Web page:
Crisis of European Social Model: Interview with Danuta Hübner

crowd_2
No source reported

The European Forum for New Ideas 2015, “Europe facing the increasing social inequalities, radicalizations and geopolitical dangers” is right around the corner. Is the idea of equal opportunities in the current society really that important?

Throughout the years that I have spent deliberately in politics, I have had an impression that it was demanded from those who won the elections to be better, more competent than voters. A politician could not have been just as any average Joe Bloggs, as there would be no reason for giving the power to someone who would not do it better than we could ourselves. This has radically changed recently.

Every fifth Polish voter voted for an individual who had based his or her campaign on the fact that politicians should be just as everyone else. The main argument supporting the idea of single mandate electoral district was the fact that everyone should personally know their own member of the Parliament. The same candidate, taking part in a TV debate in a very ordinary jacket without a tie, could not fit to a time limit assigned to the participants of the debate and he became such an ordinary person that was confronted with privileged, disembodied politicians. He made an awful impression on the elites, but for ordinary people he won.

Expecting that politicians will be better than voters and that they will from their higher position deal with all issues that an ordinary person is not able to solve, was quite sensible, but the politicians did not comply with these expectations. The fact that they did not prevent the crisis meant that they do not deserve a special treatment. The Greeks moved their incumbent elites away from power. The Spaniards may do it in a couple of months. In Italy furious voters quite consciously voted for a clown, and in Poland, which seems to be resistant to crisis, the voters humiliated President Bronisław Komorowski. Within a couple of hours it turned out how much are stability and predictability worth.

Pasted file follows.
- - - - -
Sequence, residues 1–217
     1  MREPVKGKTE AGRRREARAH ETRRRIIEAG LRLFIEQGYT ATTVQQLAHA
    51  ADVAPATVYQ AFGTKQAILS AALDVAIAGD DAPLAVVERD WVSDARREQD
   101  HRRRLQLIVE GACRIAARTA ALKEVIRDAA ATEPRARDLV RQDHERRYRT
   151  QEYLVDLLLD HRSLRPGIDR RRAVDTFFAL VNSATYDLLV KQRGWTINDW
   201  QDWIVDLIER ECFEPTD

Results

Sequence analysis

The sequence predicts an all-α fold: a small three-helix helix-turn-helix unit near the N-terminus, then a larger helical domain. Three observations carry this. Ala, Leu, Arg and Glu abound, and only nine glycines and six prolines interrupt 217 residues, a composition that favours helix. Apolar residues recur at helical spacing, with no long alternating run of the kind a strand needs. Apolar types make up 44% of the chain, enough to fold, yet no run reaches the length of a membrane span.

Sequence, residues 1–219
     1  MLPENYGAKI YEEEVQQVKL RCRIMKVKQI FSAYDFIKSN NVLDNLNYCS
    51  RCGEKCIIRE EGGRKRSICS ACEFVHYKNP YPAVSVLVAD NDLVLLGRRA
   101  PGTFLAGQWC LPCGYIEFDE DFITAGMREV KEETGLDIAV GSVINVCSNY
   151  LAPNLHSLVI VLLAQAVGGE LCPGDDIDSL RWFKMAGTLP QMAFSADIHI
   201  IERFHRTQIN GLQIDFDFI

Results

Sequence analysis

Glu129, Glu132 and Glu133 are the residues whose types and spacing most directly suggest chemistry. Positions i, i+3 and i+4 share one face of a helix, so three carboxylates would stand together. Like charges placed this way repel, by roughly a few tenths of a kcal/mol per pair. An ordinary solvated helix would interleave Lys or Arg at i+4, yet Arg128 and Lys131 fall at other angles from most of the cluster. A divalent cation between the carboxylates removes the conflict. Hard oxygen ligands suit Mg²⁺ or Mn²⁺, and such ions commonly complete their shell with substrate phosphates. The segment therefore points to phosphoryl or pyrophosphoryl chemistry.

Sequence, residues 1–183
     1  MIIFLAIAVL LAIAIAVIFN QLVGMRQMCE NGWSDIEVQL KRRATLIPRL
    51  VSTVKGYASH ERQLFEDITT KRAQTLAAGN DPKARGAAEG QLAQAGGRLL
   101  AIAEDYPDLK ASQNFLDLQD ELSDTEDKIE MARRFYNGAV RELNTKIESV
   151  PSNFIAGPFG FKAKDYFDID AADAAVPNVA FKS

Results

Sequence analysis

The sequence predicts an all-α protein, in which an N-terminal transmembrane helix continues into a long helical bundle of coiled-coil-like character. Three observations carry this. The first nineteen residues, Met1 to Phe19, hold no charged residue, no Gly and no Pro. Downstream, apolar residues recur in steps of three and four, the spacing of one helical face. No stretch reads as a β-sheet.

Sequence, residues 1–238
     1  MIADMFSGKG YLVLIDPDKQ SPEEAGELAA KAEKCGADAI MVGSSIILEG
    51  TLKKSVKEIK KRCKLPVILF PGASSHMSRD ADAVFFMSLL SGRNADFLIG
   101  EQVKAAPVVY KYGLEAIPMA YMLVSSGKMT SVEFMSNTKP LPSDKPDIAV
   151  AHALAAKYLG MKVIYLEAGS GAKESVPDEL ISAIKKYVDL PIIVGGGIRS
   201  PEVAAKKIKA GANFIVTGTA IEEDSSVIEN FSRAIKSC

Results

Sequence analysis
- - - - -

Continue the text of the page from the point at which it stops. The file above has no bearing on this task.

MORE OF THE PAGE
Unfortunately, the reason for all this lies in a complete loss of trust and faith… and the statement, that the politicians whom we have had accepted some time ago as superior to us, are in fact just the same people as we are or even worse. People responsible for the lives of millions of human beings did not pass an exam in a very difficult moment. It turned out, that they also, as average people, do not understand the world and cannot hold back its unpredictability. Their right to be different, which was seen as a greater power, turned out to be false. This is a basic and universal factor, typical not only for Poland.

To what extent was this conviction about politicians’ agency justified? Would they be able to govern the economy even if they were absolute geniuses and there was no conflict of interests?